“When a person wants to cause harm, it is easy to do it with just the name of the person and their home. Where they live. There is evil everywhere, and even if your mind doesn’t want to accept, when you say that you don’t believe – it still can make you suffer.” Jacinta took the tomatoes off the stove, pouring the water into a bowl, and setting the vegetables in another, ready for smashing. She chopped onions and cilantro efficiently, and without losing a beat, she continued. “Bad people can do many things. The madder they are, the worse it is – ma’a ku cha’ak mixbā ka ma’anāk (they don’t let anything pass – they don’t forget anything).” The steaming bowl of tomatoes and slimy okra got a generous sprinkle of salt and pepper, and while she added the tomato and cilantro, she dropped the hardboiled eggs into the mixture, landing the whole mixture at the center of the table. The stack of hot tortillas joined the bowl, and she mashed roasted peppers with some lime and salt, with some of the leftover cilantro and onion. Rebecca sniffled a bit with the pungency of the onion, and perhaps just a bit of self-pity.
Jacinta laughed shortly at her sniffle, setting the table so everyone could eat. Mama lay in the hammock, weak and unable to rise for food. Jacinta prepared a small bowl for her, eliminating the eggs, and adding more okra than tomato, and with a spoon, she fed Mama. Rebecca was amazed at her efficiency, and ashamed to realize she hadn’t thought to offer. Rafael shook his head and smiled at her, as if to say, my mother won’t let you anyway. They all ate, and even though she felt she shouldn’t be eating, Rebecca went for seconds. It was one of her favorite meals, something Mama always made for her when Papa would be gone for a week or two. No meat, and sometimes, no eggs. The familiarity stung her and she knew she had taken too much for granted. All of a sudden, everything she had lived and believed at home, paled in comparison to being with the person she truly loved.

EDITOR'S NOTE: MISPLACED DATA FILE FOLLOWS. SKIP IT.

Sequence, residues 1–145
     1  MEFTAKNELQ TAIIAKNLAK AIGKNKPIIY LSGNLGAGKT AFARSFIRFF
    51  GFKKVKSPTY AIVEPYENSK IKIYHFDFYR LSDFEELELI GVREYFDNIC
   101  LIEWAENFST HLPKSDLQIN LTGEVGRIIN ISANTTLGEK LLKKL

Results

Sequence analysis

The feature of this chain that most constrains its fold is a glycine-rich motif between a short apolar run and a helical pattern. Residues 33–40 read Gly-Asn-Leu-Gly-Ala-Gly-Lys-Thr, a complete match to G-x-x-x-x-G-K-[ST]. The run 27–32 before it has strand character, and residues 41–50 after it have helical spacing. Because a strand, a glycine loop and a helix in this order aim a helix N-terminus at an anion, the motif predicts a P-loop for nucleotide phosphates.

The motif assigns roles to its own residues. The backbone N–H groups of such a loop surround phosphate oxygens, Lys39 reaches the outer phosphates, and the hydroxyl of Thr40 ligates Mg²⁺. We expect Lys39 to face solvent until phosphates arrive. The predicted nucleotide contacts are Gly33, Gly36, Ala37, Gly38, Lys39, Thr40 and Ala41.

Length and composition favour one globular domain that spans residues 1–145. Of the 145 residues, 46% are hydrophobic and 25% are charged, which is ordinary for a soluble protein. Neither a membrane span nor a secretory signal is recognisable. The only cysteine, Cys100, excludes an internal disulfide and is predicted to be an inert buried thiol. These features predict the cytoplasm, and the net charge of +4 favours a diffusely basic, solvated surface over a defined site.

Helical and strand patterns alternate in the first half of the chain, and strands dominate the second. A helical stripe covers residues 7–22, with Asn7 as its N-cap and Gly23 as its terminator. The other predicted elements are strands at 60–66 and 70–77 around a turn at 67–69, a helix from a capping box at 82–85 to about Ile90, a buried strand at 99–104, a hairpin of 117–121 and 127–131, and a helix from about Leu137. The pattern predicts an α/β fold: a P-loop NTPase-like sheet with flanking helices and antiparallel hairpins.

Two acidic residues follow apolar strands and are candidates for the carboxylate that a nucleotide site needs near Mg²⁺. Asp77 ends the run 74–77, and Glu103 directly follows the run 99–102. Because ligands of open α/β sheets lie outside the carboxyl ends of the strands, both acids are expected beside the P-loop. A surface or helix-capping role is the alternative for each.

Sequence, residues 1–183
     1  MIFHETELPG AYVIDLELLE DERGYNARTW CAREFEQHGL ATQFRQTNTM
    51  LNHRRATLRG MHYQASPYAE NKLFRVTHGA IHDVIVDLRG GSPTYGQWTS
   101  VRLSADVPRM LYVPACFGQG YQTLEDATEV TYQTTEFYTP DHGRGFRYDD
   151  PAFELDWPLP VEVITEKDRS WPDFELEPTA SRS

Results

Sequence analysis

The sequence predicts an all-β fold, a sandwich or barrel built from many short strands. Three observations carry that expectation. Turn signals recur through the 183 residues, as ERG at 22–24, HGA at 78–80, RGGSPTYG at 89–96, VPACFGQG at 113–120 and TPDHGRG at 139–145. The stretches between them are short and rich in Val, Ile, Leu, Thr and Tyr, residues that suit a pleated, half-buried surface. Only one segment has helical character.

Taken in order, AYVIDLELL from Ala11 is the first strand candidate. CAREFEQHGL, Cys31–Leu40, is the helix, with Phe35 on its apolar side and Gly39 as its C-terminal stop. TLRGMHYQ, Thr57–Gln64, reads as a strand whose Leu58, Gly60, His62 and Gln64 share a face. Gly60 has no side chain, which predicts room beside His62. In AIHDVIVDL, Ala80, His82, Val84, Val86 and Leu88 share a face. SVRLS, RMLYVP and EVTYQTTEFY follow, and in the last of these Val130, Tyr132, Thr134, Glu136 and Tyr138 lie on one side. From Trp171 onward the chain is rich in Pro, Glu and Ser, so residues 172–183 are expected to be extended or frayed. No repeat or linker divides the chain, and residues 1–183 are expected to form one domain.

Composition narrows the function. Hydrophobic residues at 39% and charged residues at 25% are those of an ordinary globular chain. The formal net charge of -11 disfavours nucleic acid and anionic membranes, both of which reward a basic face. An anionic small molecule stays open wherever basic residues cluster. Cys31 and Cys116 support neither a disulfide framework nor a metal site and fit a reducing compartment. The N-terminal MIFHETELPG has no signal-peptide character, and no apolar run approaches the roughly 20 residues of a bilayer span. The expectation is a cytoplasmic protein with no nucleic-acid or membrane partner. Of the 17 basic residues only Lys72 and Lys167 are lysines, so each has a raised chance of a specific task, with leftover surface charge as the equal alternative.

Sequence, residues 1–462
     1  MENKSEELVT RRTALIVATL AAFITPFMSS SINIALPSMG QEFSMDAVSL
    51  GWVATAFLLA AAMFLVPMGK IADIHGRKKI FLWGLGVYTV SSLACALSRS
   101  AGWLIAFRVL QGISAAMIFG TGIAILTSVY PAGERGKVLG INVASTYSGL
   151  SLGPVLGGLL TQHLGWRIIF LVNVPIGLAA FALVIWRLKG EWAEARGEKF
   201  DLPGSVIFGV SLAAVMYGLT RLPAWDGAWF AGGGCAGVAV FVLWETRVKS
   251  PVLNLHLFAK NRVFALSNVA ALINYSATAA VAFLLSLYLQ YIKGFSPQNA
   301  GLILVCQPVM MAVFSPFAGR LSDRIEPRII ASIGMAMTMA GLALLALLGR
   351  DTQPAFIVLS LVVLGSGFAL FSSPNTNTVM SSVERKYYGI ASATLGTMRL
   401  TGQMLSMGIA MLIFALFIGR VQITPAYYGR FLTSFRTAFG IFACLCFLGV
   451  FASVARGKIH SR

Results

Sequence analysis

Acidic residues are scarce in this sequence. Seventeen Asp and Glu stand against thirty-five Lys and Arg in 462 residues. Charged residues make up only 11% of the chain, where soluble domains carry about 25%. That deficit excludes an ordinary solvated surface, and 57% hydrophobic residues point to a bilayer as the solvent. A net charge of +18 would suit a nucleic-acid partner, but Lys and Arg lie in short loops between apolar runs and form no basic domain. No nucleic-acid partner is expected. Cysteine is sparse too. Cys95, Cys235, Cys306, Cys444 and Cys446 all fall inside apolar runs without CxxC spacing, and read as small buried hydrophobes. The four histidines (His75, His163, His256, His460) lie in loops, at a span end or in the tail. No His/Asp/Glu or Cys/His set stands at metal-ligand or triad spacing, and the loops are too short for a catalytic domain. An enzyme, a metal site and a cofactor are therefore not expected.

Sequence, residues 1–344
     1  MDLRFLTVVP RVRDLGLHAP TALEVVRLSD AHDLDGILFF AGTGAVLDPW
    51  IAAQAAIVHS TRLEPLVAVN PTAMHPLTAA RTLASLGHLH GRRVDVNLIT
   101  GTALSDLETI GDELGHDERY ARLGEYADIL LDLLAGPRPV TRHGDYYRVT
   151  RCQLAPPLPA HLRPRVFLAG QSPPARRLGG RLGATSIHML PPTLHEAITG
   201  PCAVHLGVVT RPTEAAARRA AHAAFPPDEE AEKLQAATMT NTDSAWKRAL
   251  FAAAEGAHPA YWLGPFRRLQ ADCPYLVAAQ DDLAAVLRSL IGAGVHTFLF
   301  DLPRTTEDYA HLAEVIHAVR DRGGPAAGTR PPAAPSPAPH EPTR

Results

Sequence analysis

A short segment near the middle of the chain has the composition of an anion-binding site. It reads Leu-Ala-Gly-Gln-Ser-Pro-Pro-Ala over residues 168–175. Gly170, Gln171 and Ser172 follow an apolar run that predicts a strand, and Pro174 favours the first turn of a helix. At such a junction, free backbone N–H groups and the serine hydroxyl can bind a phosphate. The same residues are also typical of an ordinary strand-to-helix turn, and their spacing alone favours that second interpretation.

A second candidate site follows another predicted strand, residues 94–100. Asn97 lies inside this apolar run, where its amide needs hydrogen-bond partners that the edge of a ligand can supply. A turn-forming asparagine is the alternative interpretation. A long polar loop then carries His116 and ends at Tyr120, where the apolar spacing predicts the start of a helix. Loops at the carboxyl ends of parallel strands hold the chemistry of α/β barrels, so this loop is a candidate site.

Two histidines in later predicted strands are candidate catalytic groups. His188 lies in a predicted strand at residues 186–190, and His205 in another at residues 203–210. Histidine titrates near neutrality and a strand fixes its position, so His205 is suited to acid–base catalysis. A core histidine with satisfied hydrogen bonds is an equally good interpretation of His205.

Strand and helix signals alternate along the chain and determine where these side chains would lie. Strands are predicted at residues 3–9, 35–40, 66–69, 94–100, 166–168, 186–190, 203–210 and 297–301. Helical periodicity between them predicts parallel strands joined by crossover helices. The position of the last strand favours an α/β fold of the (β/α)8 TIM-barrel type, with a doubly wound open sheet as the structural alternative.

Jacinta continued her talk, advising them to look into a healer, someone who was versed in the cure of a curse. Rebecca tried to shake off the ridiculousness of it all, knowing that she was in another realm, another world – one so far removed from what she had grown with and was used to falling back on. But looking at her Mama, laying there pale and wasted, breathing laboriously, eating tiny mouthfuls of broth, hardly able to chew the soft tortillas being fed her, she knew that anything was possible. She thought back to the feverishly whispered conversations she’d overheard at night – Papa’s smug smile of satisfaction every time, and his refusal to admit more than the name of the person who he was speaking to. She began to open her mind to believing. There was no other explanation for why Isabella was wasting away, visibly shrinking. There had to be a way to get her back to her usual self, and the only way was to believe. And believing was a decision she made quickly. Believing found her planning a trip to the north, to where the healers were. Going west would have been ideal, but the biggest healer had passed, and his apprentice was now based in the north. It was time to jump in with both feet, down the rabbit hole, and into the realm of the unknown, full of faith and hope.